In Albanian, schwa is represented by the letter 틀:Angle bracket, which is also one of the letters of the Albanian alphabet, coming right after the letter 틀:Angle bracket. It can be stressed like in words i ëmbël 틀:IPA and ëndërr 틀:IPA ('sweet' and 'dream', respectively).


In Armenian, schwa is represented by the letter ը (capital Ը). It is occasionally word-initial but usually word-final, as a form of the definite article. Unwritten schwa sounds are also inserted to split initial consonant clusters; for example, ճնճղուկ (čnčłuk) [tʃʼəntʃʼə'ʁuk] 'sparrow'.


In the Azerbaijani alphabet, the schwa character ə is used, but to represent the æ sound.


In Catalan, schwa is represented by the letters a or e in unstressed vowels: "pare" 틀:IPA (father), "Barcelona" 틀:IPA. In the Balearic Islands, the sound is sometimes also in stressed vowels, "pera" 틀:IPA (pear).


In Dutch, the digraph 틀:Angle bracket in the suffix -lijk 틀:IPA-nl, as in waarschijnlijk 틀:IPA-nl ('probably') is pronounced as a schwa. If an 틀:Angle bracket falls at the ultimate (or penultimate) place before a consonant in Dutch words and is unstressed, it becomes a schwa, as in the verb ending "-en" (lopen) and the diminutive suffix "-tje(s)" (tafeltje(s)).


In Romanian, schwa is represented by letter Ă, ă, and it is a letter on its own (the second in the Romanian alphabet). It can be stressed in words in which it is the only vowel such as "păr" 틀:IPA (hair or pear tree) or "văd" 틀:IPA (I see). Some words, which also contain other vowels, can have the stress on ă: "cărțile" 틀:IPA (the books) and "odăi" 틀:IPA (rooms).


In the Indonesian variant, schwa is always unstressed except for Jakarta-influenced informal "Bahasa Indonesia" whose schwa can be stressed. In final closed syllables in the formal register, the vowel is a (the final syllable is usually the second syllable since most Bahasa Indonesia root words consist of two syllables). In some cases, the vowel a is pronounced as a stressed schwa (only when the vowel a is located between two consonants in a syllable), but never in formal speech:

  • datang (=come), pronounced 틀:IPA, and often written as dateng in informal writing.
  • kental (=viscous), pronounced 틀:IPA.
  • hitam (=black), pronounced 틀:IPA, written as item in informal language.
  • dalam (=deep, in), pronounced 틀:IPA, often written as dalem.
  • malam (=night), pronounced 틀:IPA, written as malem in informal language.

Indonesian orthography formerly used unmarked 틀:Angle bracket only for the schwa sound, and the full vowel /e/ was written 틀:Angle bracket. Malaysian orthography, on the other hand, formerly indicated the schwa with 틀:Angle bracket (called pĕpĕt), and unmarked 틀:Angle bracket stood for /e/.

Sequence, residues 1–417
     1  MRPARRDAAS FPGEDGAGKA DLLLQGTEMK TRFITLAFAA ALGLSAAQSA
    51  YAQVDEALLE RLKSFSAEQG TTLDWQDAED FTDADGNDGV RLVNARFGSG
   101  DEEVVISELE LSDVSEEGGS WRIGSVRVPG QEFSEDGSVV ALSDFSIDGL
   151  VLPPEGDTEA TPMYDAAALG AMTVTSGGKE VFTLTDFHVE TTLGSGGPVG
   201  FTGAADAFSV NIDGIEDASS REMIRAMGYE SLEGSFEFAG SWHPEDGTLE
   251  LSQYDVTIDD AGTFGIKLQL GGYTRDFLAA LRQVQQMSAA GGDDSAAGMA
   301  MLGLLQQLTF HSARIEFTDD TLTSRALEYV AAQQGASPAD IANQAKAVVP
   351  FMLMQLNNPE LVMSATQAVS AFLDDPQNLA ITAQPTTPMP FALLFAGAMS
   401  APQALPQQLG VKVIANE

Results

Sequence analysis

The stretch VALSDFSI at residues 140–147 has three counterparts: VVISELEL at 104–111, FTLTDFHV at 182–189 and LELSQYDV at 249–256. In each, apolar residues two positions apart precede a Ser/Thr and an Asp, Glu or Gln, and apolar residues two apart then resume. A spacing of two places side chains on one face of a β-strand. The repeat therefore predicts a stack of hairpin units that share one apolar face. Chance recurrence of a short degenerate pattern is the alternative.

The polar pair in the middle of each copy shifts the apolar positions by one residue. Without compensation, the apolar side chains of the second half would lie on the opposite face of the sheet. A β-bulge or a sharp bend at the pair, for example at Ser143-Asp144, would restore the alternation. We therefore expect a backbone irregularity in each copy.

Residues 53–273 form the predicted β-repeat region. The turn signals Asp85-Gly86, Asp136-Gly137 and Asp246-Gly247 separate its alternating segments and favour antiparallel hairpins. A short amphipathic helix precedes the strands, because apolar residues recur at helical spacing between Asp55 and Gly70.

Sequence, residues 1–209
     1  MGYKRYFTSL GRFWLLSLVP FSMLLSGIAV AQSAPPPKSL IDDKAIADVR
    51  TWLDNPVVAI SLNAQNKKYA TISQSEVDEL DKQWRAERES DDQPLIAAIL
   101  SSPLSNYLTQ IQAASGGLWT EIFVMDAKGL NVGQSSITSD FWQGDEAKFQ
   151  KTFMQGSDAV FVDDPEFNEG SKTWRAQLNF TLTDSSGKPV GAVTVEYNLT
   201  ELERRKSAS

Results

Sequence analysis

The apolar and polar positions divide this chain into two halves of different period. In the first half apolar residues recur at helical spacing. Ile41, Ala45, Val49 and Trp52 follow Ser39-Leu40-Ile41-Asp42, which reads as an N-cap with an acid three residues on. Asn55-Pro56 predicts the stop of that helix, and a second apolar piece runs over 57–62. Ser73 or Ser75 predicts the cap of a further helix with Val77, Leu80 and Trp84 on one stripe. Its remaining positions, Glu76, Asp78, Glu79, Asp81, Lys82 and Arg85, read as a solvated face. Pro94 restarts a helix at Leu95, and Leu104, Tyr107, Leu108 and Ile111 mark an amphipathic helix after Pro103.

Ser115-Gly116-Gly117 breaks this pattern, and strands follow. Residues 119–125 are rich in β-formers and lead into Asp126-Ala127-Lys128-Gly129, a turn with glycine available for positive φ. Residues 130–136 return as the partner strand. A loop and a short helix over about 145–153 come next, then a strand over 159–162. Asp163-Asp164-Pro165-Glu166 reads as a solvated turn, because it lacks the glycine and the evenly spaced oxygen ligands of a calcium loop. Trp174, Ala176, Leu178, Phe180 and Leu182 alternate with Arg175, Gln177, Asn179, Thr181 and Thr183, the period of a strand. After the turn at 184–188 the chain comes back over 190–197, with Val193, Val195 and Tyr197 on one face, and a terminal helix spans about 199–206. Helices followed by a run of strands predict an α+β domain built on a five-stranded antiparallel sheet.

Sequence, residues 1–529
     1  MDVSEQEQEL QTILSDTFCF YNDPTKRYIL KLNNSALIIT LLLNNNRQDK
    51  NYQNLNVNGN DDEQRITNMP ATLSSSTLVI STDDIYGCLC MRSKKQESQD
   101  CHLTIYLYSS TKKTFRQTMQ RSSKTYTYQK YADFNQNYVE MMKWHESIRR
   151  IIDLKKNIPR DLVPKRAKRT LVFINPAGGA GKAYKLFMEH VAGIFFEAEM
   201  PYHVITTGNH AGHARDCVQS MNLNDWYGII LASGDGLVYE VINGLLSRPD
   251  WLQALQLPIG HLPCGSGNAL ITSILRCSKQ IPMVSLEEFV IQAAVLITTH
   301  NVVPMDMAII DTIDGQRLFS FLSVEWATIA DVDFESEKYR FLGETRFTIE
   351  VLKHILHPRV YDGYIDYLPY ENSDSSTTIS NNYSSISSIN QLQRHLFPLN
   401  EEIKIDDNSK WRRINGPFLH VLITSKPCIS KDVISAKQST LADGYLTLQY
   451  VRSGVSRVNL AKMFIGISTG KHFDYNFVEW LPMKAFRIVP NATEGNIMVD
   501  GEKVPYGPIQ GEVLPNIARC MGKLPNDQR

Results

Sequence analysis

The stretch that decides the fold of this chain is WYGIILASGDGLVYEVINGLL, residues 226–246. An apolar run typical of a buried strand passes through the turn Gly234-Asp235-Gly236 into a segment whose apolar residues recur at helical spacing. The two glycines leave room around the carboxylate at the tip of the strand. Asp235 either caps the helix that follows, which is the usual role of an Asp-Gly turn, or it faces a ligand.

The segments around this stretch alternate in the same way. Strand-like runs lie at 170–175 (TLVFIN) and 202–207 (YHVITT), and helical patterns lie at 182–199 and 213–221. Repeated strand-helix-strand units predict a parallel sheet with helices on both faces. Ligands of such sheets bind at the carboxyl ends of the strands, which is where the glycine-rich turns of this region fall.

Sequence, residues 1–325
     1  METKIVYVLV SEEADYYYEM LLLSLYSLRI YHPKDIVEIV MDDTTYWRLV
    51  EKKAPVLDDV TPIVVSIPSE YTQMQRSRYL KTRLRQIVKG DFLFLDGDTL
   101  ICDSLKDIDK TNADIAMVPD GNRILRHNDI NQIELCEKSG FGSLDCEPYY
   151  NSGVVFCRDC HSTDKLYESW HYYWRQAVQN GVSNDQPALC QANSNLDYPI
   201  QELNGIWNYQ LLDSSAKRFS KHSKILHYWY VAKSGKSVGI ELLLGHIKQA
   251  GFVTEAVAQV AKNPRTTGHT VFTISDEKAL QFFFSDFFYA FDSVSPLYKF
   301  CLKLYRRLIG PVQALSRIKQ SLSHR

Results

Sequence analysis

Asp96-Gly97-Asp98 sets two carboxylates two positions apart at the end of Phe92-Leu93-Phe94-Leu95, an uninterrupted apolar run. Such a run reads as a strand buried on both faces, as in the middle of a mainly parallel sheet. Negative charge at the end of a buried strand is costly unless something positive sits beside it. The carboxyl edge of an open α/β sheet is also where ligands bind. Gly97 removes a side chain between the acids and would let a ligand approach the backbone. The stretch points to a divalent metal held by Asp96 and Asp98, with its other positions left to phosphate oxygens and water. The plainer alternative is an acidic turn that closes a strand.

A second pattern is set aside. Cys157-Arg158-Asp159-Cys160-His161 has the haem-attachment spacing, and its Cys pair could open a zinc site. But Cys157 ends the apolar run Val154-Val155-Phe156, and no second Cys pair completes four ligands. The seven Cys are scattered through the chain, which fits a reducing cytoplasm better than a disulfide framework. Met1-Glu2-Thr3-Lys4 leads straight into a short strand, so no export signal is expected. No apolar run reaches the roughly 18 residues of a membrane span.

In the 1972 spelling reform that unified Indonesian and Malaysian spelling conventions (Ejaan yang Disempurnakan, regulated by MABBIM), it was agreed to use neither diacritic.[8] There is no longer an orthographic distinction between /ə/ and /e/; both are spelled with an unmarked 틀:Angle bracket. This means that the pronunciation of any given letter e in both Indonesian and Malaysian variants is not immediately obvious to the learner and must be learned separately. However, in a number of Indonesian dictionaries and lesson books for foreign learners, the notation is preserved to help learners. For example, the word for 'wheeled vehicle' in Indonesia and Malaysia, which was formerly spelled keréta in Indonesia and kĕreta in Malaysia, is now spelled kereta in both countries.

In Southern Malaysian pronunciation, which is predominant in common Malaysian media, the final letter -a represents schwa, and final -ah stands for /a/. The dialect of Kedah in northern Malaysia, however, pronounces final -a as /a/ also. In loanwords, a nonfinal short /a/ may become schwa in Malay such as Mekah (<Arabic Makkah, Malay pronunciation 틀:IPA).


The schwa is denoted in Welsh by the letter 'y'. It is a very common letter as 'y' is the definite article with 'yr' being the definite article if the following word starts with a vowel.틀:Citation needed

Schwa syncope



틀:Main Although the Devanagari script is used as a standard to write Modern Hindi, the schwa (ə, sometimes written as a) implicit in each consonant of the script is "obligatorily deleted" at the end of words and in certain other contexts.[9] The phenomenon has been termed the "schwa deletion rule" of Hindi.[9][10] One formalization of the rule has been summarized as ə -> ø | VC_CV. In other words, when a vowel-preceded consonant is followed by a vowel-succeeded consonant, the schwa inherent in the first consonant is deleted.[10][11] However, the formalization is inexact and incomplete (it sometimes deletes a schwa that exists, and it fails to delete some schwas that it should) and so can yield errors. Schwa deletion is computationally important because it is essential to building text-to-speech software for Hindi.[11][12]

As a result of schwa syncope, the correct Hindi pronunciation of many words differs from that expected from a literal rendering of Devanagari. For instance, राम is Rām (expected: Rāma), रचना is Rachnā (expected: Rachanā), वेद is Vēd (expected: Vēda) and नमकीन is Namkīn (expected: Namakīna).[11][12]

Correct schwa deletion is critical also because the same Devanagari letter sequence can sometimes be pronounced two different ways in Hindi depending on the context: failure to delete the appropriate schwas can then change the meaning.[13] For instance, the sequence धड़कने in दिल धड़कने लगा ("the heart started beating") and in दिल की धड़कनें ("beats of the heart") is identical prior to the nasalization in the second usage. However, it is pronounced in the first and dhad.kaneṁ in the second.[13]